The Canadian federal government’s attempt to simplify its 1,500 department and agency websites into a single site, Canada.ca, is not going as expected.

According to the latest CBC News report, the project is a year behind schedule and almost 10 times over budget, with experts warning it could end up another failed government IT project like the Phoenix pay system.

The original deadline to have all active web content moved to the single portal was this month, but it was pushed back to December 2017, which was the initial deadline for the migration of all archived content, in June. So far, only 10,000 web pages have been moved out of more than 17 million Government of Canada web pages, CBC News says.

Government officials have told CBC News that this new deadline is unrealistic, with some even quoted as saying the project is “impossible to achieve”.

The merging project was initiated in 2013 in hopes it would make accessing and using online government information easier for Canadians. US-based Adobe Systems Inc. was awarded a $1.54 million contract to manage the content, but this number has since risen above $9.4 million, government figures say.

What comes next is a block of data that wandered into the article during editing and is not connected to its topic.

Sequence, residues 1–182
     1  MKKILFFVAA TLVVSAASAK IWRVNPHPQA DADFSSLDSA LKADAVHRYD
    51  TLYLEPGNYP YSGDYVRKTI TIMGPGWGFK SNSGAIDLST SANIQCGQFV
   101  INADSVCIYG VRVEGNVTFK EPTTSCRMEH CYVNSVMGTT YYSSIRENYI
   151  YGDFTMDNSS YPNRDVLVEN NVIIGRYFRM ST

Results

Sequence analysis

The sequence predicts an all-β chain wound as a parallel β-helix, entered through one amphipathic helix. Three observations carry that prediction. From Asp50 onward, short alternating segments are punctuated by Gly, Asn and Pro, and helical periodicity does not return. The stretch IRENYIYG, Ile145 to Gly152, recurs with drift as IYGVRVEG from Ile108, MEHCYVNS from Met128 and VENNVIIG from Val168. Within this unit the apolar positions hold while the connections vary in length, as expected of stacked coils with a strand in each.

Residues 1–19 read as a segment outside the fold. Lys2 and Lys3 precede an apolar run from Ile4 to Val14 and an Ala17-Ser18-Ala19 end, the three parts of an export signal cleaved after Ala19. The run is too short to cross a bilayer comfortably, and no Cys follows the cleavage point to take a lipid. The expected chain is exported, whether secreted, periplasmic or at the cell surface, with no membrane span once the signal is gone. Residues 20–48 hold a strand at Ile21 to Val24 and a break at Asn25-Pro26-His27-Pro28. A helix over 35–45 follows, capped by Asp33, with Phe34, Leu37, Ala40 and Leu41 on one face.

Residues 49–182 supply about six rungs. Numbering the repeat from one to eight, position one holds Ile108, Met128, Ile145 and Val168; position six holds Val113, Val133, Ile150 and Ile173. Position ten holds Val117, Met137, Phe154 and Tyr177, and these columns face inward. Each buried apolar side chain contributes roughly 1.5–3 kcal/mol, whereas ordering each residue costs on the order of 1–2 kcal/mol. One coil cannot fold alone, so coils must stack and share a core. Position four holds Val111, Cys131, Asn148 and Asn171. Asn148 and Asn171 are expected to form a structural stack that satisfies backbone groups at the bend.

However, the actual migration of the websites “is up to the departments themselves and is to be done within existing budgets and staffing”, CBC News says, reporting that since 2015, eight of the largest departments have budgeted or spent more than $28 million on this project.

Those departments include: Employment and Social Development; Immigration, Refugees and Citizenship; Health; Environment; Canada Revenue Agency; National Defence; Fisheries and Oceans; and Global Affairs.

CBC News explains that this is not the first government-level IT project to run into problems. The new Phoenix pay system has left thousands of public servants underpaid, overpaid or not paid at all due to a stalled government email system and software issues.

Shared Services Canada, the agency formed in 2011 to update IT-related services for the federal government, has been widely criticized for its many missteps, including by the auditor general.

 



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